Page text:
CBS2's Political Reporter Marcia Kramer took an exclusive look inside the plight of this New York City Housing Authority resident, whose apartment is filled with rust, mold, peeling paint and what she calls a bathroom the mayor wouldn't let his dog live in.
"Why is it that we have to live like this?" Tabitha Rivera wondered.
It's a simple question for the mayor from a woman living in the Bushwick Houses, whose apartment is a testament to city neglect, Kramer reported.
"He probably wouldn't even let his dog live the way we live right now," Rivera said.
The kitchen has rusty pipes, moldy ceilings from water leaks, peeling paint and holes in the floor. They have to push the furniture against the walls in the living room to keep the kids from eating the paint chips.
In the bathroom, layers of paint fall into the bathtub, there's no top on the toilet, and there a pipe so rusty that layers of crud hang off and fall on people.
"It's disgusting. I don't even allow people to come visit us, because if they ever had to use our restroom it's embarrassing," said Rivera.
Rivera, who's pregnant and due in a few weeks, says she has tried, unsuccessfully, to have NYCHA fix the apartment for 10 years. She tried withholding rent, but that didn't work. She has filed numerous repair tickets, but says the city sends people to assess the problem and they never come back to fix them.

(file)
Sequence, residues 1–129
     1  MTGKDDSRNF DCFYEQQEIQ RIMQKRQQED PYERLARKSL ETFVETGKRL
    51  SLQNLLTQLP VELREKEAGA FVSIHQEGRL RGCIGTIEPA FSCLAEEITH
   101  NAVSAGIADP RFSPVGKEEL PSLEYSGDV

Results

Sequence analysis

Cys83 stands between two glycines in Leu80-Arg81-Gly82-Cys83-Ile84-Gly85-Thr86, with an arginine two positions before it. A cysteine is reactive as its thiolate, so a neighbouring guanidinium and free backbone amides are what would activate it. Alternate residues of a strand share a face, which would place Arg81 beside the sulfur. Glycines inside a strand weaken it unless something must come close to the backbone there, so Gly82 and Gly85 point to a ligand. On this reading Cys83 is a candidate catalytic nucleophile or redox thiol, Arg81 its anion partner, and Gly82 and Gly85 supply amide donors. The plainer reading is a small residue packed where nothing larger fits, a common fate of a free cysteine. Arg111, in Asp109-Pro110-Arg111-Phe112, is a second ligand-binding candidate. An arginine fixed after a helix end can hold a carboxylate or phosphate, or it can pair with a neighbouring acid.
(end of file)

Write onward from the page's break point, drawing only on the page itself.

"I've literately watched a man shake my wall into two pieces and say that it was structurally sound," she said.
People are living like this, while the mayor and the governor play the blame game.
De Blasio erupted on a radio show Friday after Cuomo said he might declare a NYCHA state of emergency.
"The state has not provided us with the funding from several budgets ago," the mayor said. "Under this governor… there's a lot of talk about helping public housin gresidents, but we don't see real resources."
A spokesperson for the governor said the mayor is wrong – the state just poured $300 million into NYCHA, even though the city is responsible for its public housing stock.
"The mayor's instinct is always to point fingers, but he needs to start governing and taking responsibility," the spokesperson said in a statement. "He should stop worrying about the politics and start worrying about the people. There is one person responsible for NYCHA. He has 100 percent control. And his name is Bill de Blasio."
As for Rivera, CBS2 demanded answers and may be getting action.
"Our residents deserve clean, decent homes. We are sending staff to make repairs as soon as possible," NYCHA said in a statement.
We'll see, because we will be back, Kramer reported.
After CBS2's call, NYCHA sent a team to the apartment. While the painter said he couldn't do anything until the plaster team came, they did fix two broken windows and the fire alarm and installed missing window guards.
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